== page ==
Held every two years, the Ramsay Art Prize is the richest prize for Australian artists under 40. The $100,000 prize is considered career-changing, and previous winners Sarah Contos and Archibald Prize winner Vincent Namatjira have certainly continued their success.
Announced today, the 2021 Ramsay Art Prize winner is 30-year-old South Australian Kate Bohunnis. Currently unrepresented by a commercial gallery, Bohunnis is considered a true emerging artist in the contemporary art world. The artist’s winning work, Edges of excess, toys with the idea of the pendulum as a method of healing and guidance – an axe blade swings precariously over a flesh-like form made of silicone.
This year’s judges were Wiradjuri artist Karla Dickens, curator Dr Daniel Mudie Cunningham and Rebecca Evans from the Art Gallery of South Australia (AGSA). Mudie Cunningham, director of programs at Carriageworks in Sydney, told Broadsheet it was challenging to select 24 artists from more than 350 entrants. “In some ways I feel like there are 24 winners. There are so many deserving artists that put themselves forward. It’s a life-altering opportunity.”
“Edges of excess speaks to the precarity of our times,” he says, following the announcement. “It is a visceral portrait of both wellness and anxiety. It is a work full of contradictions.”
The winning Ramsay Art Prize becomes part of AGSA’s permanent collection. In addition to the generous cash award, there’s a secondary prize of $15,000 chosen by the public and all finalist works are on show in a major exhibition at AGSA until August 22.
In this year’s exhibition, Adelaide-based artist Solomon Kammer addresses consent and coercion in Perpetuity, which interrogates the relationship women have with their bodies. Sculptural watchtowers, created by Brisbane artist Sam Cranstoun, question who is watching us. And Perth artist Nathan Beard grapples with identity in Limp-wristed Gesture (i), in which he uses fleshy silicone to represent a hand movement seen in a traditional Thai dance.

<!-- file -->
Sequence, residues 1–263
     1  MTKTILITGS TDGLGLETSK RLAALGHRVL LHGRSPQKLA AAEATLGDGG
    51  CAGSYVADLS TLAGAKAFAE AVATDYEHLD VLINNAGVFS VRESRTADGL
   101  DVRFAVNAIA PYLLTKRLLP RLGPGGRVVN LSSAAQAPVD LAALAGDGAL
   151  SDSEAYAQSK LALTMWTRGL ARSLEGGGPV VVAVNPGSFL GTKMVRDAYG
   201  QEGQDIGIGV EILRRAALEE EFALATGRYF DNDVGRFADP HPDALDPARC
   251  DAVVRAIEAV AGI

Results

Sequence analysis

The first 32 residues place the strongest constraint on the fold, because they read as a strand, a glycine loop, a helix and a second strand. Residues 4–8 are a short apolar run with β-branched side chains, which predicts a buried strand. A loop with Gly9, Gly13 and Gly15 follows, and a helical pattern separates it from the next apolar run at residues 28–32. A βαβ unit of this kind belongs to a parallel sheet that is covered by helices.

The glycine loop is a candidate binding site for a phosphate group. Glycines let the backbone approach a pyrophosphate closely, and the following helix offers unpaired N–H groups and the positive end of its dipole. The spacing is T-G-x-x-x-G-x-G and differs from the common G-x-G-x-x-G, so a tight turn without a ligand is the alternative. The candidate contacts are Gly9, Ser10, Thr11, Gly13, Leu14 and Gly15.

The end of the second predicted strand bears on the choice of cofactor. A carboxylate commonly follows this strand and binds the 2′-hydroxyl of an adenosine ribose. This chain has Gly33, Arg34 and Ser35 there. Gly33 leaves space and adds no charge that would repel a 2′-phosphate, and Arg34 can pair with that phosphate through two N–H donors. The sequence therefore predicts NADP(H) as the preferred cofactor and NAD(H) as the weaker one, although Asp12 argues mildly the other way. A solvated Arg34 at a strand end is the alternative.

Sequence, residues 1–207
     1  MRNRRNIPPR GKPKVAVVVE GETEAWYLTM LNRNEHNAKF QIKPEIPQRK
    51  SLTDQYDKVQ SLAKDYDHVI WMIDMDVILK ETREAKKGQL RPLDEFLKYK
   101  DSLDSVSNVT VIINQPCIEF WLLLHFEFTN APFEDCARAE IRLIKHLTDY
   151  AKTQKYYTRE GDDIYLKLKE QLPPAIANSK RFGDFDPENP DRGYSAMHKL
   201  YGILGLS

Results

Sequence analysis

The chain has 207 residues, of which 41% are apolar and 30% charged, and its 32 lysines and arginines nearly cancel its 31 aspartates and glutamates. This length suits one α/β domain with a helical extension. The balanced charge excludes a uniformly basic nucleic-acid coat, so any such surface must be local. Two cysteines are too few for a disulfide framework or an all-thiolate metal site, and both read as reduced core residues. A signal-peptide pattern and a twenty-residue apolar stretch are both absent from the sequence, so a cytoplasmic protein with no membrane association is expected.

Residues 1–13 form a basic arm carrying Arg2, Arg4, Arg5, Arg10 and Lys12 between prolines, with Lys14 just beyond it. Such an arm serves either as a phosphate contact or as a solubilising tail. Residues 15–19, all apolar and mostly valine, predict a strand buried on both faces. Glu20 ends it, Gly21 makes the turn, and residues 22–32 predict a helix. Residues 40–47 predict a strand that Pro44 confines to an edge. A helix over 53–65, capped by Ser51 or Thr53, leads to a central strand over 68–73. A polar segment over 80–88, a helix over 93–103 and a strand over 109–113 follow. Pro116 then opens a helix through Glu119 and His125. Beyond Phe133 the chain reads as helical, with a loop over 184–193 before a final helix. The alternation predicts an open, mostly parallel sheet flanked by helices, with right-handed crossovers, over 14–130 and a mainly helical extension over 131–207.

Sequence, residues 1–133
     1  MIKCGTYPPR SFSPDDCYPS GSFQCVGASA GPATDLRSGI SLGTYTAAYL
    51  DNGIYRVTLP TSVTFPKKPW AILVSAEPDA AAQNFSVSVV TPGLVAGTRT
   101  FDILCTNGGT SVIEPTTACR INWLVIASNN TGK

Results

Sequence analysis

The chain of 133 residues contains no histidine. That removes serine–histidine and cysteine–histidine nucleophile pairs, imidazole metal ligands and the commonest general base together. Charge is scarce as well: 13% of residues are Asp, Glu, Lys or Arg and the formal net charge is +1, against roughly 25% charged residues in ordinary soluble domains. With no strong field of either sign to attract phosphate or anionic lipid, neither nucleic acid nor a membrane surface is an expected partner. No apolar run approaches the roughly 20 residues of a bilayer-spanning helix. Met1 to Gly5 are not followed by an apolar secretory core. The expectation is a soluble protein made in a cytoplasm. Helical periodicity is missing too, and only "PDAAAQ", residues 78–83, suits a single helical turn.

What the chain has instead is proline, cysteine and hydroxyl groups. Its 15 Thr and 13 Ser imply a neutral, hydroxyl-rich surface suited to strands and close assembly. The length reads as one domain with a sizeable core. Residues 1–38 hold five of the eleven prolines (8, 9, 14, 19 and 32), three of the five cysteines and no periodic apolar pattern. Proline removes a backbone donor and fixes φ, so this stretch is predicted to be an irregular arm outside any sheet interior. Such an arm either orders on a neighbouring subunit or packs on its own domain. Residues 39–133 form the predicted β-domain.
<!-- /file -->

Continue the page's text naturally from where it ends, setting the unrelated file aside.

“There’s a real urgency around care for country, our environment, around social responsibility and change,” says Mudie Cunningham. “I think it’s reflective of the younger generations feeling the weight of the crises we live with – and wanting to communicate that through their work to effect some sort of change.”
Canberra artist Anna Madeleine Raupach’s Slow Violence (Gospers Mountain) is an embroidered map of the 2019 Gospers Mountain and Kanangra-Boyd National Park bushfires in New South Wales. The artist hand-stitched vivid thread into an emergency blanket, using scientific data of the damage as her guide.
“There are always interesting developments with artists working with new media,” says Mudie Cunningham. “But then again you also see a strong tradition of craftsmanship too.”
Kieren Karritpul is a Ngen’giwumirri artist who lives in the small community of Nauiyu (Daly River), south west of Darwin. His work Weaving Myself: the Landscape and the Land was painted using two brushes, one made with his hair. His painting is a metaphor for the landscape, and as he’s not culturally permitted to weave, he paints in a woven pattern.
Anna Louise Richardson’s work We should be more afraid of the sun than the moon looks at the anxieties we share around protecting the ones we love: knives, poison, cars and spiders appear in her work. And Adelaide-based Zaachariaha Fielding (one half of Electric Fields) draws attention to our collective need to work as one: A Question About Direction is about what divides us, but also what we can achieve together in a divided society.
The Ramsay Art Prize 2021 exhibition runs from May 22 to August 22 at the Art Gallery of South Australia. Admission is free. Find out more here.